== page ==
JavaScript’s setTimeout and how to use it with your methods

Update (May 2015): The following article deals with the nowadays well know JavaScript scope behavior and it’s much better explained/solved elsewhere.

While working on Chatcreator’s Chatbox I run into problems with JavaScript’s setTimeout function. I would like to write down what I learned. It may save you some time, next time you’ll need to use this function.

Shortly about setTimeout

setTimeout is a simple JavaScript function used to repeatedly call some function after a specified amount of time. It takes two required parameters and an unspecified number of optional ones. Like this:

setTimeout(functionToCall, time, param1, param2, ....);functionToCall is the name of the function which will be called after time millisecond. You either use reference like in the example above or a string representing a call to the function:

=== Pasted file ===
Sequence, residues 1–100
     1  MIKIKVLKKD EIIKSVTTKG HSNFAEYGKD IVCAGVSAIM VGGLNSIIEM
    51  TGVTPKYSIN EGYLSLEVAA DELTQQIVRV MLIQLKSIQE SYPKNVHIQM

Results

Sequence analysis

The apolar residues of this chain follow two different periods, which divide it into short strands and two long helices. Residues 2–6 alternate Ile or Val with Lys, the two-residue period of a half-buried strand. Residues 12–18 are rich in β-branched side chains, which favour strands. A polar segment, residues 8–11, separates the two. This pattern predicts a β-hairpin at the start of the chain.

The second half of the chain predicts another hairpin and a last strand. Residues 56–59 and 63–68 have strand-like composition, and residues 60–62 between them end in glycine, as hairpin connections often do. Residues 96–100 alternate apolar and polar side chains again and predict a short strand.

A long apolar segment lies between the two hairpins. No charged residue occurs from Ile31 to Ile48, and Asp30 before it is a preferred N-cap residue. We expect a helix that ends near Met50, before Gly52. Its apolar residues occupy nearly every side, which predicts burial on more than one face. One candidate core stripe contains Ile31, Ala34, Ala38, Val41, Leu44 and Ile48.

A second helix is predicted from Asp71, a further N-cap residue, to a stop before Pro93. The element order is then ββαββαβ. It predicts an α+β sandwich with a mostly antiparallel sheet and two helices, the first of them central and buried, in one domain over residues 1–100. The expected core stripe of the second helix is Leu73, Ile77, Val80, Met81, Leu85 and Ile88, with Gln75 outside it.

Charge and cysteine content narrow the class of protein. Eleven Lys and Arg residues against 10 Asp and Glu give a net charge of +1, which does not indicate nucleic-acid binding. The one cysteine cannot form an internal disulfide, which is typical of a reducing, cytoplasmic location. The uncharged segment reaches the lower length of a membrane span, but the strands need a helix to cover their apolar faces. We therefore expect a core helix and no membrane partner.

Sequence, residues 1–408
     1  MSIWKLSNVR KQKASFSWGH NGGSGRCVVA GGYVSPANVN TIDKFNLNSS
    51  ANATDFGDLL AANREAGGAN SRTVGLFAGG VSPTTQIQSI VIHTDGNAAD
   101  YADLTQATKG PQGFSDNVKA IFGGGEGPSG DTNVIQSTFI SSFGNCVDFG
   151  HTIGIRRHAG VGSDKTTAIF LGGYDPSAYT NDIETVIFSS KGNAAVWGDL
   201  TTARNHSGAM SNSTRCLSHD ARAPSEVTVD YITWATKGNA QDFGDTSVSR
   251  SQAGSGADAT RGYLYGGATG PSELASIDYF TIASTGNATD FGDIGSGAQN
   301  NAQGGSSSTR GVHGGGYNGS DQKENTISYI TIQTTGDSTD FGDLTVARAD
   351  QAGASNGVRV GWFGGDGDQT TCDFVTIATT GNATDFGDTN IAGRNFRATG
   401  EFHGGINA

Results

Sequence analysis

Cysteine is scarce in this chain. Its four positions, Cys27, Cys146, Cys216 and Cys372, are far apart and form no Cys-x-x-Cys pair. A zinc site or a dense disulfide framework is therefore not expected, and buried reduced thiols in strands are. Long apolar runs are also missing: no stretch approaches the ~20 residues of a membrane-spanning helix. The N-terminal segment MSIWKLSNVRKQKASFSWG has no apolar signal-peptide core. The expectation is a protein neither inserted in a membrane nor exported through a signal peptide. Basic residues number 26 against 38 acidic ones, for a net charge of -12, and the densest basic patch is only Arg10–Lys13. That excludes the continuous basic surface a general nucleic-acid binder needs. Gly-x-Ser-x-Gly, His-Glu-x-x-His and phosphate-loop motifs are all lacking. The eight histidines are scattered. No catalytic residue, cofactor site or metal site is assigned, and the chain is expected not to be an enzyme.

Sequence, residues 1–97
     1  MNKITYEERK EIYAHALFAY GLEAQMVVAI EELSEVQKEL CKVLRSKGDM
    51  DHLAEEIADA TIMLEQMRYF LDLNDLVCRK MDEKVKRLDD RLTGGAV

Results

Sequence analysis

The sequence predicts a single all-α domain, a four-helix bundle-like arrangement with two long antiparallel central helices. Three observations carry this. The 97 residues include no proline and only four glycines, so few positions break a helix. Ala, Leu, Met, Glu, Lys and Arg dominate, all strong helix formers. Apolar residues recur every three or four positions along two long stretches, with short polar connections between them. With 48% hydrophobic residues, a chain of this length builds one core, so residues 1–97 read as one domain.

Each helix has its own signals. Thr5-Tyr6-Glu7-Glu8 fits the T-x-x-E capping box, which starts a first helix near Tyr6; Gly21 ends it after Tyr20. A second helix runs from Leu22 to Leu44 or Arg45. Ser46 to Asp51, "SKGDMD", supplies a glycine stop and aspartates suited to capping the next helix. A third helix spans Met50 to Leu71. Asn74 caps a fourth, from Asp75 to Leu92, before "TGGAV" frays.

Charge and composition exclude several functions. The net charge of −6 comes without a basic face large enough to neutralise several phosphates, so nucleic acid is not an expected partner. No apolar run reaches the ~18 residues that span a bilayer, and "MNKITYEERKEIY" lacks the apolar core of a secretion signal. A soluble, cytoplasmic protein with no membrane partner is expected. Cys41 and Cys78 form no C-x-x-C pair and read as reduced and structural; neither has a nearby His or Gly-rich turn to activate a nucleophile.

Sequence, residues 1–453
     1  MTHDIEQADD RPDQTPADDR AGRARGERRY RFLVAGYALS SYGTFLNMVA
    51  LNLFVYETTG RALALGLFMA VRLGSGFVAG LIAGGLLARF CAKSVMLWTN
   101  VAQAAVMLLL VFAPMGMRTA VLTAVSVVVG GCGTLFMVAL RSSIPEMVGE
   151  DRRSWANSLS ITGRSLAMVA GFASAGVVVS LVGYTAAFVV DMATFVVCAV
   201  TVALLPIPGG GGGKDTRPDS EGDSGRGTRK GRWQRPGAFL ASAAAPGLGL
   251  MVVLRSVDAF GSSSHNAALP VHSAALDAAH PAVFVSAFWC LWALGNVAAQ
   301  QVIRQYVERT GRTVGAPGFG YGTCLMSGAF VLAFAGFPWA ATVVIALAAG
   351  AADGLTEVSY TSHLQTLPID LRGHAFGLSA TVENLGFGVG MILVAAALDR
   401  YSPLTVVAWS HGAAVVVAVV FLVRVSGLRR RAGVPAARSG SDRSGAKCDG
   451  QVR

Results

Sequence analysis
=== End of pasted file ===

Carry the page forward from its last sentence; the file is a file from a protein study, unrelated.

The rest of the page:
setTimeout('functionToCall()', time, ...)The optional parameters can be used to pass any number of parameters to our functionToCall.

Where’s the catch?

Everything works as expected until you try to call a method inside your ‘class’ (there are no real classes in JavaScript). Something like this won’t work:

setTimeout(this.methodToCall, time);Passing a string representation instead of reference doesn’t work either.

The solution

I found the solution after a while searching in Google Code Search. The above example needs to be rewritten like this:

setTimeout(function(thisObj) { thisObj.methodToCall(); }, time, this);Here we are passing reference to our class as an optional parameter of the setTimeout function. In the called function we catch it and suddenly we can use it to call our method. I have no idea why such a simple thing needs to be so complicated but it only demonstrates that you need to learn a few tricks when you want to do real OOP in JavaScript.